NEW Triumph Trident Review (2021)


This is a hugely important bike for Triumph. The Trident jumps into the entry-level naked market as an attractive, punchy middleweight to take on the strong and established competition such as Yamaha’s MT-07, Kawasaki’s Z650 and Honda’s CB650R. This segment counts for an increasing number of sales and is key for manufacturers hoping to attract new riders; getting them on-board with their brand as soon as possible. You can’t underestimate the importance of this new British bike, which should feature highly in the Triumph’s sales chart in 2021 – but have the got it right? We tested the Trident in Tenerife.


For and against
  • Engine and sound
  • Ease of use
  • Handling
  • Pricier than the 2021 Yamaha and Kawasaki competition
  • Would like a little more over-rev for experienced riders
  • Can’t remove or install traction control on the move
VIDEO REVIEW: 2021 Triumph Trident
Representing BikeSocial on the Triumph Trident international press riding launch was Adam 'Chad, I-really-am-5ft7' Child who brings us this report from two days on the new middleweight


2021 Triumph Trident Price – £7195

This is a highly price sensitive market. A few hundred pounds can make the difference between a sale and a goodbye, especially as customers are likely to be budget-conscious new riders or more experienced riders getting back into bikes.

Yamaha has a new MT-07 just around the corner (its price is still to be confirmed) but with the 2020 model positioned at £6697, I’d estimate an on the road figure below the £7k mark. Kawasaki has also updated their Z650 for 2021 – the new model hasn’t been launched yet, but its price has been confirmed at £6849. Honda, meanwhile, is arguably the Trident’s closest competition with their inline four-cylinder CB650R, again updated for 2021 and currently priced £7199.

Although the Triumph’s £7195 showroom price may be slightly higher than the Japanese competition, the cost of ownership should be lower. The first major service is at 10,000 miles, which represents a significantly wider interval than the mentioned bikes, while workshop hours are also reduced, meaning it takes less time to service and maintain, thus saving owners money.

The Thai-built Trident is a completely new bike for 2020, and even at a standstill oozes quality. At face value, £7195 looks good.


Above: Available in four colour schemes


Power and torque

The capacity of the triple engine is 660cc, so some may assume it’s an electronically de-tuned Street Triple S, but that’s not so. It is based on the older wet liner 660 unit and is furnished with 65 new components. This obviously means a serious re-design: new crank, clutch and gearbox with different ratios.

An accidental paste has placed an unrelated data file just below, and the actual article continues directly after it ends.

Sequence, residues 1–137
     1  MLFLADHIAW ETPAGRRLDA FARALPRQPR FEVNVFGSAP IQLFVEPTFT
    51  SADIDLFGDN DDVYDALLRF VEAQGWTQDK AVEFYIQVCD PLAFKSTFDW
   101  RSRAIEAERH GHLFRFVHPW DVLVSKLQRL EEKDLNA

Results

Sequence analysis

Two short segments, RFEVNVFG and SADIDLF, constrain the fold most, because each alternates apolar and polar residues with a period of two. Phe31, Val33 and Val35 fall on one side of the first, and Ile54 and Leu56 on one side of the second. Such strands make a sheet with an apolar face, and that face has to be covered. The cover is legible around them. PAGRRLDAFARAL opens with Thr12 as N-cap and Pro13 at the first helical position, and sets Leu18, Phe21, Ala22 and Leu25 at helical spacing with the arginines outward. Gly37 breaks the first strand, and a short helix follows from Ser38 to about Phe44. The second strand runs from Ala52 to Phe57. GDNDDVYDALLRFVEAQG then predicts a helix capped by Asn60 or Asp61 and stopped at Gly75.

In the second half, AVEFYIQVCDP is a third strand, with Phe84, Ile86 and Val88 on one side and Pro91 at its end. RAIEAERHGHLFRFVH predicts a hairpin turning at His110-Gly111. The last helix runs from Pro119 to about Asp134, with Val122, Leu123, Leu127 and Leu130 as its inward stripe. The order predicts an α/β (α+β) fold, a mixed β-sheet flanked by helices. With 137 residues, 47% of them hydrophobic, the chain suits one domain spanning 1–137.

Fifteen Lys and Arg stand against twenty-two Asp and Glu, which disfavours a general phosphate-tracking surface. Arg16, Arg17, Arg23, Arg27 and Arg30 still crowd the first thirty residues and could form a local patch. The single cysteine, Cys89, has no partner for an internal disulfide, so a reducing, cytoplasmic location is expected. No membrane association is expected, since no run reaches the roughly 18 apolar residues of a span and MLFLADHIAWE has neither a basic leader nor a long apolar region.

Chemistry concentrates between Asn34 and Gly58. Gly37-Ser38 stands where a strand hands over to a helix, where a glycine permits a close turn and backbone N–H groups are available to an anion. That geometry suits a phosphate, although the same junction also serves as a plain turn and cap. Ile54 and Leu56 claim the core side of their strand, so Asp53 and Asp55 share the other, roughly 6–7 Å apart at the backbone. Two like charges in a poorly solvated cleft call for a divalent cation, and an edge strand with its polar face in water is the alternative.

Compared to the Street Triple S, first, second, third and fourth gears are shorter, fifth and sixth taller. As you’d expect the cams are redesigned to give more low and midrange torque.

Peak power is 80bhp at 10,250rpm, with peak torque 47lbft at 6250rpm. That’s more power than the Yamaha MT-07 and Kawasaki Z650, and more torque than the Honda CB650R. Crucially, 90% of that torque is produced from 3600rpm to 9750rpm.

The new Trident is available in A2 configuration (via an electronically and restricted throttle). This can be added and removed by any Triumph dealer and isn’t an added extra when purchasing the bike new.


Engine, gearbox and exhaust

Interestingly, Triumph don’t list an aftermarket exhaust in their accessories list – apparently, an aftermarket Euro-5 exhaust couldn’t add any tangible performance.

Luckily, the stock system sounds excellent for a standard bike. I’m unsure how Triumph has managed it but, despite being Euro-5 and an ‘entry-level’ bike in a relatively mild state of tune, it sounds great. At low revs there is a nice burble, and then a slight change around 3000rpm that is more charismatic – and unmistakably a Triumph Triple – before it howls into the rev-range’s upper reaches. I would love to try it with the optional quickshifter.

Power is soft and forgiving on the first 10-15% of the throttle, almost like there is a slight lag If it had a throttle cable as opposed to fly-by-wire I’d want to adjust it, but this softness is perfect for new and inexperienced riders. After the initial turn of the throttle, it is more direct but still smoother than Barry White’s chat-up lines. There is a fluid feel to the Trident, and the Rain mode softens the power delivery further.

The Trident’s performance is strong. The triple layout is the best of both worlds, having the torque of a twin with the free-revving excitement of an inline-four. With 90% of peak torque on tap from 3600rpm, it drives positively from low down. You can make quick and easy progress without tapping back too many gears. But, if you should want to have fun, go down a gear or two on the smooth gearbox and the Trident will deliver ­– even to experienced hands. Turn off the traction control and you can have some mono-wheel fun, too, all the while accompanied by that charismatic triple soundtrack.